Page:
Linköping University Medical Dissertations
The effects of reactive oxygen
species and lipofuscin on the function and health of the retinal pigment
Possible pathophysiological mechanism behind the development of age-related macular degeneration
som för avläggande av medicine doktorsexamen vid Universitetet i Linköping kommer att offentligt försvaras i aulan, administrationsbyggnaden, Hälsouniversitetet. Linköping, torsdagen den 28 maj 1998, kl 09.00
Age-related macular degeneration (ARMD) is a common cause of central vision loss in elderly people. Specific treatment is possible only for selected patients. A dysfunction of the retinal pigment epithelial (RPE) cells has been proposed to help explain the pathogenesis of ARMD. In the normal turnover of photoreceptor outer segments (POS), membranes rich in polyunsaturated fatty acids (PUFAs) are shed and phagocytised by the RPE. PUFAs are highly susceptible to free radical damage, causing peroxidation and subsequent formation of products with fluorescence similar to Schiff bases, a component of lipofuscin. With increasing age, lipofuscin accumulates in the RPE cells, and it has been suggested that lipofusein could be detrimental to RPE function through free radical generation or interference with the autophagocytic capacity of cells having lipofuscin-loaded lysosomes.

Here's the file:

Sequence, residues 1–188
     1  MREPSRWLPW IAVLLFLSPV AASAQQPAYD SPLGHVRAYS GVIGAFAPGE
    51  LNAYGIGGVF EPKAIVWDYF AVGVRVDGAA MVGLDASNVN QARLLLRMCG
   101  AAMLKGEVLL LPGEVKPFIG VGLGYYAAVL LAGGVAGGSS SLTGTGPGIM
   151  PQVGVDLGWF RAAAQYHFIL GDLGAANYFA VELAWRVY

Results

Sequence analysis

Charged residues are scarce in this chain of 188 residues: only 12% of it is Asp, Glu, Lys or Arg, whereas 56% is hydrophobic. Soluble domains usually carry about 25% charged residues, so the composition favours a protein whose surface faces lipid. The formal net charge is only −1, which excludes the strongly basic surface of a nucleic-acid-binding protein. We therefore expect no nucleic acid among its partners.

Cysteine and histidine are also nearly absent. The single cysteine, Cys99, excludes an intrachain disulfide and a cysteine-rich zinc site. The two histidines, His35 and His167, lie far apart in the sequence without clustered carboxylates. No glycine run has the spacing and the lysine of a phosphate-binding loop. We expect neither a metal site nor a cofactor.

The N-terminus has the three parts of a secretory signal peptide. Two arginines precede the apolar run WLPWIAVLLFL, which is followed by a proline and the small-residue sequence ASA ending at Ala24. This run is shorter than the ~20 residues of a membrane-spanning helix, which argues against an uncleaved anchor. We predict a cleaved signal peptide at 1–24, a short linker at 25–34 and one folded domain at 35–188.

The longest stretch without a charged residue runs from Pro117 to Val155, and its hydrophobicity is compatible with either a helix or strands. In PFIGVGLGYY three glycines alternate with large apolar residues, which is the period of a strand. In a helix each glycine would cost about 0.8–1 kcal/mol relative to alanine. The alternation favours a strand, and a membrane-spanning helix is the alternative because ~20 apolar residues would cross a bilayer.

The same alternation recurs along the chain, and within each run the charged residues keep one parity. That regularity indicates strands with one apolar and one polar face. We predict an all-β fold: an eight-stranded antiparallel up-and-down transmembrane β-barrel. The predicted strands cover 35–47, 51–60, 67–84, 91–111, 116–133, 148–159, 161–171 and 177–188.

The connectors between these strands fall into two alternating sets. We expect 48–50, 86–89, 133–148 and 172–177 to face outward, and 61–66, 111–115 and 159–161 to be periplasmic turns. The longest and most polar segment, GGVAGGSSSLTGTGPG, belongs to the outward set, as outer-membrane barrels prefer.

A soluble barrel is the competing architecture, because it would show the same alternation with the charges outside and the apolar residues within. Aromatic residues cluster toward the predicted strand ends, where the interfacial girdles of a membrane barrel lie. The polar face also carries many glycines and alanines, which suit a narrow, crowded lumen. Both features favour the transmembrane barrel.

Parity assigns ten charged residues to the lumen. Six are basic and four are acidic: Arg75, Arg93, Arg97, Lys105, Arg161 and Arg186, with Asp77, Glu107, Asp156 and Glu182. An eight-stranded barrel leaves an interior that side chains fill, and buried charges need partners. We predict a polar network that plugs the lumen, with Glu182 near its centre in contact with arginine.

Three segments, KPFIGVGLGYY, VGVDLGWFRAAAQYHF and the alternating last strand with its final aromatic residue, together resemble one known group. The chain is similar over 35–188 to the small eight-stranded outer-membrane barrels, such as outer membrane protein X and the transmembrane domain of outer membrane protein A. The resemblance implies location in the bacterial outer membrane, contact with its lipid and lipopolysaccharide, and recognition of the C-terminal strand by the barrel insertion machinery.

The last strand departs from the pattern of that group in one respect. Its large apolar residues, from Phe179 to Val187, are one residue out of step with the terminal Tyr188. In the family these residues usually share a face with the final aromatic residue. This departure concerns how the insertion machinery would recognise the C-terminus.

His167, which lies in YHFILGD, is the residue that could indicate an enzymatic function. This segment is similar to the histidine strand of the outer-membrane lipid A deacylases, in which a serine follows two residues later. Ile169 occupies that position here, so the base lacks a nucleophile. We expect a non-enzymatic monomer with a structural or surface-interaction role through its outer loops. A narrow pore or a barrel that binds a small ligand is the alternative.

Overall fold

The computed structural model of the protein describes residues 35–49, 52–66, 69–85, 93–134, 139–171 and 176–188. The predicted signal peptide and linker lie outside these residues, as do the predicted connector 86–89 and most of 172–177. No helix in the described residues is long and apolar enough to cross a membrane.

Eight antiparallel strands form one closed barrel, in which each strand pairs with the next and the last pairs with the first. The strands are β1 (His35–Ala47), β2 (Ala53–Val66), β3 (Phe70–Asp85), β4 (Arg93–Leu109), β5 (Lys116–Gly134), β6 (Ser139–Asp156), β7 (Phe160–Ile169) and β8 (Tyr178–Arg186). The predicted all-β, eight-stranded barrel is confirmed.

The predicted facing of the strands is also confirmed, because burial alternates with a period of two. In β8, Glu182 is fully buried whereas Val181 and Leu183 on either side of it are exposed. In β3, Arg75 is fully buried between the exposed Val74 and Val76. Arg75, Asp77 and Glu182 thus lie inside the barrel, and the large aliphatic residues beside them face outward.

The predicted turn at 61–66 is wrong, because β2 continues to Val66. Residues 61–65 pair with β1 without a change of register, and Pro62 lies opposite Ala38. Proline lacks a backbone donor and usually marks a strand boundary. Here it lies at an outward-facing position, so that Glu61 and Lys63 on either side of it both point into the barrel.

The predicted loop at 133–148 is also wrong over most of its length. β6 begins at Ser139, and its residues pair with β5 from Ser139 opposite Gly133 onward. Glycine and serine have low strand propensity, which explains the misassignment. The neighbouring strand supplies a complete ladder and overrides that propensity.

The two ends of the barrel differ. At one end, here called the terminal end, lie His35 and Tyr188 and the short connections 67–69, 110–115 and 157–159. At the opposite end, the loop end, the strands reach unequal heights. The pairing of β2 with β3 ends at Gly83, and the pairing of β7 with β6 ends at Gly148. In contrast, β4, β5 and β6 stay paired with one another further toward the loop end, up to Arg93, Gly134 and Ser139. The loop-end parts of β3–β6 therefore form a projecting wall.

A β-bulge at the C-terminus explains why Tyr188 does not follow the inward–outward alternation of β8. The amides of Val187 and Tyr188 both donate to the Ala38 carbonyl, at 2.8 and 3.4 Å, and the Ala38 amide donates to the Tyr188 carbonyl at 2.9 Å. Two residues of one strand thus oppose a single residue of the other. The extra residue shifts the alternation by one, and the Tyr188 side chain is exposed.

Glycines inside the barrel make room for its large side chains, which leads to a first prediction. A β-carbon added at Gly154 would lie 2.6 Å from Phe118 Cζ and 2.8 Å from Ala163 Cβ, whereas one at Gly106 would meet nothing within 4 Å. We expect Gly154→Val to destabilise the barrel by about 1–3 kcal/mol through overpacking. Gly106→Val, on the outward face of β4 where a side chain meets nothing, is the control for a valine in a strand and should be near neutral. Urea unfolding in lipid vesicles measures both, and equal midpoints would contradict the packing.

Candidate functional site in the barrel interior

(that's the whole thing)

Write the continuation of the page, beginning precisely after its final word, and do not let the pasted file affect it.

To study the effect of oxidative stress on lipofuscin accumulation, rabbit RPE cell cultures were kept at an ambient oxygen concentration of either 8 % or 40 %. To simulate the normal phagocytic function of RPE cells, bovine POS were added daily. The lipofuscin-specific autofluorescence was measured after 1, 2 and 3 weeks. RPE cells cultured under normobaric hyperoxic conditions (40 % oxygen) showed significantly higher levels of lipofuscin-like autofluorescence than those kept at normobaric and probably normooxic conditions (8 % oxygen) after 1, 2 as well as after 3 weeks. For both oxygen concentrations, the lipofuscin accumulation level was increased after 2 weeks of POS exposure and had increased even further after 3 weeks. The results suggest an involvement of oxidative mechanisms in the formation of lipofuscin from phagocytised POS by RPE cells.